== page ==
Over the past three years, the Mahájána Foundation (Mahájána) has been primarily working with Roma children in Csörög, a disadvantaged community situated 37km north of Budapest. The community garden project was set up with the aim of providing work experience for unemployed adults and useful activities for the local children.
20% of Csörög’s population are Roma, one of the largest proportion in the region. With a high rate of unemployment, opportunities for long term and secure employment are scarce. Local infrastructure and services are poor: roads remain unfinished and there is no local school.Mahájána has been running tutoring programmes to help the local Roma children raise their standard of education enabling them to meet basic school requirements and also help improve their chances of progressing into higher education. In order to help improve the living standards of the children’s families, Mahájána has also initiated a number of community projects. For example, a biomass briquette project which provides a cheap and renewable source of fuel for cooking and heating, one of the major problems facing families, especially during the winter.
The community garden project was set up to become a space where unemployed adults can learn new skills and local Roma children can take part in useful activities over the weekends. Access to physical activity opportunities and nutrition education is limited in the community. Both the adults and children involved in the project learn “how to grow” skills and cultivate their own small parcels of land. The community members will use the produce grown as a source of fresh, healthy food for their families which they would not be able to afford otherwise.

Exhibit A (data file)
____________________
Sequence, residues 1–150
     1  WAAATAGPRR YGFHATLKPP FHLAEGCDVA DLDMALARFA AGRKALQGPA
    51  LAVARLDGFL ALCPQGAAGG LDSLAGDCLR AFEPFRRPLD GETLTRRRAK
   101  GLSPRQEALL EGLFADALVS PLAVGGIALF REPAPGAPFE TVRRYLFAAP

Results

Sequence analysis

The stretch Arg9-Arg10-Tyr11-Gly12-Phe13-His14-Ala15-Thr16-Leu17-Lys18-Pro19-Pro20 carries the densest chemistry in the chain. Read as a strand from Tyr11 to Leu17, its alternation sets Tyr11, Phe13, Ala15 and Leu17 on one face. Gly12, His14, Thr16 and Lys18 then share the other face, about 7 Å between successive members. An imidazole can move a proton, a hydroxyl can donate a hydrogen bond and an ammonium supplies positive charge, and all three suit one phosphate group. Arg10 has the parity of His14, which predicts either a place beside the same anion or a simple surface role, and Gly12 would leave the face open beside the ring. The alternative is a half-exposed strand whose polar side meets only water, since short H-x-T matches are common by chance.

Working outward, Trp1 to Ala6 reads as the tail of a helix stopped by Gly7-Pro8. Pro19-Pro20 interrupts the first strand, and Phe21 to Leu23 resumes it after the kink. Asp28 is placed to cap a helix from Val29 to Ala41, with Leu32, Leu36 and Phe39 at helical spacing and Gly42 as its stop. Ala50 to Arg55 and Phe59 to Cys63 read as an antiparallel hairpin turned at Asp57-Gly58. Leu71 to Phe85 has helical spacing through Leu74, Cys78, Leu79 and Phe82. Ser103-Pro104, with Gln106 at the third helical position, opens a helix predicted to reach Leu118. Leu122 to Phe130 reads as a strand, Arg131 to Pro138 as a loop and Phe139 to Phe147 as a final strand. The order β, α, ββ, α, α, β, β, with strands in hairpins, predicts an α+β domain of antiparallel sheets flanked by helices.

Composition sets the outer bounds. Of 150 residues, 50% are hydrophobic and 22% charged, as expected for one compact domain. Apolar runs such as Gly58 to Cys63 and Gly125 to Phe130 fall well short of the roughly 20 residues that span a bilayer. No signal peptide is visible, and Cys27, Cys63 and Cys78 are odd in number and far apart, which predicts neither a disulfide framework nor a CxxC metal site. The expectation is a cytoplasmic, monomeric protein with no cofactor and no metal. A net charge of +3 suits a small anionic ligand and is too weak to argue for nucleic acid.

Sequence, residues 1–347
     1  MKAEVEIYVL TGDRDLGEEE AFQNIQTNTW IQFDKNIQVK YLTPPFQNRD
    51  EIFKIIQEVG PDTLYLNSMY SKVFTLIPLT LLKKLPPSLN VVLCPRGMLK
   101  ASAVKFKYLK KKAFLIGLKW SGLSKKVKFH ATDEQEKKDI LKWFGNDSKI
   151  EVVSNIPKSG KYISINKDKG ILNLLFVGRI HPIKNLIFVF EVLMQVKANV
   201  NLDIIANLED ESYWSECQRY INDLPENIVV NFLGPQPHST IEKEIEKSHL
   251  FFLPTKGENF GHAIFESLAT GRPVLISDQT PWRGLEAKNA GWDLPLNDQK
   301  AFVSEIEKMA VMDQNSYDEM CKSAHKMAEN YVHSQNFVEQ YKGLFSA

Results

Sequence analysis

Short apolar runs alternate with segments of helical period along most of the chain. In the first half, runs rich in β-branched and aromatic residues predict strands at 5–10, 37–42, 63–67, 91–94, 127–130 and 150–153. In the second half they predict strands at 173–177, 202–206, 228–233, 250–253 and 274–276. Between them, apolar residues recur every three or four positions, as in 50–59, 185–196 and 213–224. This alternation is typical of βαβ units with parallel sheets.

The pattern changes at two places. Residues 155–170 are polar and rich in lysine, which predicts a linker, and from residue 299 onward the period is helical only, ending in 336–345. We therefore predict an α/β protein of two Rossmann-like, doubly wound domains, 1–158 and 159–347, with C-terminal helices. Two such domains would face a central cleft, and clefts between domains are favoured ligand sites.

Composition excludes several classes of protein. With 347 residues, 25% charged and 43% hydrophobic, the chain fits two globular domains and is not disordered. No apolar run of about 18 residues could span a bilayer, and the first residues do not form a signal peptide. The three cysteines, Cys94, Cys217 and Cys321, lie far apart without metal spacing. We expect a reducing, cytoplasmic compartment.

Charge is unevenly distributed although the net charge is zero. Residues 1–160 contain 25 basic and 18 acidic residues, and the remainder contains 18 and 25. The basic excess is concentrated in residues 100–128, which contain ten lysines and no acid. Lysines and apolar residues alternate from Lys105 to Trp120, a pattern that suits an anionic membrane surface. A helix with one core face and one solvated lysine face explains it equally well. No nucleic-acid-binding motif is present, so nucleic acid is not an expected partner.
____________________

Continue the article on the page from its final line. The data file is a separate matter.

Mahájána believe their role is to help the community kick start the project by providing regular training through the growing cycle and thereafter act in a supporting coordinator role. It is their view that this is very much a community led project with members driving the decision making process.
Before the community garden was created, many of the children had no access to activities at the weekends, a time when young people are more likely to experiment with unsafe and dangerous behaviour, such as drugs and alcohol. By providing the children an alternative, the community garden can help steer them in healthier directions. For those involved, working in the garden has developed a spirit of teamwork and work ethic and has motivated families to participate more in general community life.
The Foundation’s funding has helped to purchase the necessary materials for the garden. The project not only looks to provide education and other skills but seeks to address social issues such as family and community values in the hope it can re-energise this disadvantaged community.